Taxonomy Term Shuffles - Hook Updates with Batch API in Drupal 7

Recently, I was tasked with changing the taxonomy terms applied to a large number of nodes, and to output the updated nodes to a file. In the interest of expediting someone else’s undertaking of a similar exercise, here are some code snippets to help the cause.

Before getting into the code, one piece that our hook will need is a map of which nodes require reassignment from one set of taxonomy IDs to another. Since this requires an editor’s discretion to reshuffle the mapping of taxonomy terms, we opted to get those mappings into a variable by reading them from a CSV file which contains two columns: the old taxonomy ID and the new taxonomy ID.

Here is an outline of the steps taken to accomplish the task at hand:

Upload a formatted CSV file and copy the rows into an array in the database

Upload a formatted CSV file. We used a file upload field to upload the CSV file and then read each row into an array (the full code block is available in a gist). For this specific task, the CSV needs to contain one column that holds the old term ID and an adjacent column that maps to the new term ID.

Batch process the form submit to read each line of the CSV and save the row into an array in the database

We had many terms to be deleted and re-mapped so we batch processed the CSV form submit to read in the rows and save the data into an array using variable_set(). The batch callback starts here in the gist.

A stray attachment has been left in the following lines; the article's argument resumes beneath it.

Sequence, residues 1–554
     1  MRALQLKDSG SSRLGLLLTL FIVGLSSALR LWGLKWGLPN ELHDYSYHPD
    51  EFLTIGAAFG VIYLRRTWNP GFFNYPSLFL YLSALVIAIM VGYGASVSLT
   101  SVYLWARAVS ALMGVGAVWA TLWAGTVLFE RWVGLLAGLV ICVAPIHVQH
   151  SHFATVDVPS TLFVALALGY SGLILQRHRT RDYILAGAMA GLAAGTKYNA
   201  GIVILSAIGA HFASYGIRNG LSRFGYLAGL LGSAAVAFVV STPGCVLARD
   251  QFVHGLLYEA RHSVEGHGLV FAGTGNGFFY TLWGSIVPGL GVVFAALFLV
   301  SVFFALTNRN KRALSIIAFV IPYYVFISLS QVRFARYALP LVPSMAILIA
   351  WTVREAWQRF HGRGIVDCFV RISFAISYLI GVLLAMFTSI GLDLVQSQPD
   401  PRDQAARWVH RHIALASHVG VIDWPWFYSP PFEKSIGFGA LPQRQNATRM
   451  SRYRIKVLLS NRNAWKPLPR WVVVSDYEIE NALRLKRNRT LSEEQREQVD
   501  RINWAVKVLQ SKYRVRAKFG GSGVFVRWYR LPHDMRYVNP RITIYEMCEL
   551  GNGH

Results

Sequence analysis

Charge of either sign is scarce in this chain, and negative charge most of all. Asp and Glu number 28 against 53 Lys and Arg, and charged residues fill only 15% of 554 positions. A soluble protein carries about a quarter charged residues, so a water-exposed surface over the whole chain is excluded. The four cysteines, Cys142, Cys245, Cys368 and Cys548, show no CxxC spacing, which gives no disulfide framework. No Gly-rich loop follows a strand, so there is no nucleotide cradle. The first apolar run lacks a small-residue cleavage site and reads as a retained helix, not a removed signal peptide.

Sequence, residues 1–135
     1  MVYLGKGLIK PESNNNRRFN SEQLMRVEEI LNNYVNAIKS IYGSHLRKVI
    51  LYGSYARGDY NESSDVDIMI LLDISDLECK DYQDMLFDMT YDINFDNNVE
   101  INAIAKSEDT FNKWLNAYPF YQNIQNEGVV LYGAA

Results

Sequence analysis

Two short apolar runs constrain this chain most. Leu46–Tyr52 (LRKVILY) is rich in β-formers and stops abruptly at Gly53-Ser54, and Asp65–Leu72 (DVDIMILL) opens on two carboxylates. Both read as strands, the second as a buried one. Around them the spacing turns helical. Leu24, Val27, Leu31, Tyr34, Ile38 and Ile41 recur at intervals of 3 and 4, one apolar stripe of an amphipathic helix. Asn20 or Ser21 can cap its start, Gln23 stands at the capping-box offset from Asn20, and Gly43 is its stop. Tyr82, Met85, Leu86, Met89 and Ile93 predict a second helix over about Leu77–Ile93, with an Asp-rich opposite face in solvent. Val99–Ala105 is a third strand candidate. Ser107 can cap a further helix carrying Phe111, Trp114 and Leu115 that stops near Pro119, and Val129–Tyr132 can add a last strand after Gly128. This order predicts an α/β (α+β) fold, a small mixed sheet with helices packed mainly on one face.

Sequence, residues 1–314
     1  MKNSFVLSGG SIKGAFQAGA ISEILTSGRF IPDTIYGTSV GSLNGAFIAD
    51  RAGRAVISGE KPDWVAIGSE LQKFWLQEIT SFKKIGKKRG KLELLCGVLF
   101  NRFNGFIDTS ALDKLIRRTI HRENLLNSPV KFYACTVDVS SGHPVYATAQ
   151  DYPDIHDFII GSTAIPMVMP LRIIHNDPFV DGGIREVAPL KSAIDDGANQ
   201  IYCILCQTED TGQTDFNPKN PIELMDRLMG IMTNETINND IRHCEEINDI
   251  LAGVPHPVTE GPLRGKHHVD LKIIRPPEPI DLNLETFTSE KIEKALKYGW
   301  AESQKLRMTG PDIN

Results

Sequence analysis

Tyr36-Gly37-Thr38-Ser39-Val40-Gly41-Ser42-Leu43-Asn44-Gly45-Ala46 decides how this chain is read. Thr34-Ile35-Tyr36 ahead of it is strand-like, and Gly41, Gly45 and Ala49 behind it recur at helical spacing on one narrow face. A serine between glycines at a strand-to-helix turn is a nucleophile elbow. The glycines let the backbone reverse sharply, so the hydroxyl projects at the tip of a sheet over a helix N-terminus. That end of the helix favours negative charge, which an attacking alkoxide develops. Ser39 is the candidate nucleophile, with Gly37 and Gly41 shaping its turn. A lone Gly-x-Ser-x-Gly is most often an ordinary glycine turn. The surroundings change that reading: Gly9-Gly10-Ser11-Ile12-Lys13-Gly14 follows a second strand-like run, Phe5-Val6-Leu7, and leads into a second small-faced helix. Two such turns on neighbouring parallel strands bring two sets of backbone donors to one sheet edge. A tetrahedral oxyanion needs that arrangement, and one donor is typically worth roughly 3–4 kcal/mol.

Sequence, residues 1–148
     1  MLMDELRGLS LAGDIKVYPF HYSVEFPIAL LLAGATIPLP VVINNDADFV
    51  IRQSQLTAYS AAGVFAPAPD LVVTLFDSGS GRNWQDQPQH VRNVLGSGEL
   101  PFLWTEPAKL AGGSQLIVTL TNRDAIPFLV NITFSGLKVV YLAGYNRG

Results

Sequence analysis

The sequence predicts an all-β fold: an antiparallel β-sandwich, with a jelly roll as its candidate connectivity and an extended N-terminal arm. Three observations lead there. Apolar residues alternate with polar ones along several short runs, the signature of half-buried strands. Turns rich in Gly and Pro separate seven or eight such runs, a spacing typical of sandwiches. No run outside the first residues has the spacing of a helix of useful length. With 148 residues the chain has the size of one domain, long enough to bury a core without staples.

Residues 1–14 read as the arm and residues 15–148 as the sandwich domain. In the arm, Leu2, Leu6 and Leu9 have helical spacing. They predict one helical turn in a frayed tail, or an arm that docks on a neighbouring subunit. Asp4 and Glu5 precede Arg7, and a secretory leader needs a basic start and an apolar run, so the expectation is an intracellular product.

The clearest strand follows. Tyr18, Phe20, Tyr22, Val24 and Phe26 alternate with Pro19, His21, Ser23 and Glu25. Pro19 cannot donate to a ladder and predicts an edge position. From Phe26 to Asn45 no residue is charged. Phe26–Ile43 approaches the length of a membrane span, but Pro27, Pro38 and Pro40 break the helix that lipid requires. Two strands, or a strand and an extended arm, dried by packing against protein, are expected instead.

Use a hook update to ingest the variable created by the CSV

Once we have that mapping in place and saved to an array, we can use hook_update_N() to process that value. We create an array of old tids (taxonomy IDs) and an array of new tids from the CSV variable in order to know how to reassign nodes from the old terms to the new. The indexes of each array are important for remapping tids of relevant nodes.

Get the nodes attached to old terms and re-assign new terms to them

Implement entity_metadata_wrapper to get the nodes attached to old terms and re-assign new terms to them. Our hook_update_N() implementation runs a query that pulls the nodes we need to update based on the old tids array and uses entity_metadata_wrapper to save the new term tids to each node. The following code snippets live in the .install file of our custom module.

Here’s how we grab the variable and save the row columns into arrays for the old and new tids:

$csv_rows = variable_get('{csv_variable_name}', array());
// ...
$tids_old = $tids_new = array();
foreach ($csv_rows as $row) {
$tids_old[] = $row[0];
$tids_new[] = $row[1];

Then we loop through the old tids to find all the nodes that have these tids attached to them and save the nids (node IDs) to an array:

foreach ($tids_old as $tid_old) {
// Get all the nids that have this term attached.
$these_nids = taxonomy_select_nodes($tid_old, FALSE, FALSE, $order = array('t.nid' => 'ASC'));
// Merge array of attached nids to master array of nids.
if (!empty($these_nids)) {
$nids_all = array_merge($these_nids, $nids_all);

In another batch process that removes the old tids of a node and saves the node with the new tids, we use entity_metadata_wrapper to find the node’s current tids:

$this_node = node_load(array_shift($sandbox['nids']));

// Load and wrap the node if it exists.
if (!empty($this_node)) {
$node_wrapper = entity_metadata_wrapper('node', $this_node);